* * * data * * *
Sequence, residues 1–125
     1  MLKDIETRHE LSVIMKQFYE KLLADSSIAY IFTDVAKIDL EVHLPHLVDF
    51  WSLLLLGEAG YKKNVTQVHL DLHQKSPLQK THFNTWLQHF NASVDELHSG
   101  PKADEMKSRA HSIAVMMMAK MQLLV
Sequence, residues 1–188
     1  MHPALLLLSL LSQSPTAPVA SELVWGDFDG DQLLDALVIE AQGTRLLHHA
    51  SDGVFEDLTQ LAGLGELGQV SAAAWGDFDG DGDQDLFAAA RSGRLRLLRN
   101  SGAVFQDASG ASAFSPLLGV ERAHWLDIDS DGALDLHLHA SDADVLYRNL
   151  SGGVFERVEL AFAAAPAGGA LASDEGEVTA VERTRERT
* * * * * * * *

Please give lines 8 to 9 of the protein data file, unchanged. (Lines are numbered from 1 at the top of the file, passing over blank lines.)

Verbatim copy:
   101  SGAVFQDASG ASAFSPLLGV ERAHWLDIDS DGALDLHLHA SDADVLYRNL
   151  SGGVFERVEL AFAAAPAGGA LASDEGEVTA VERTRERT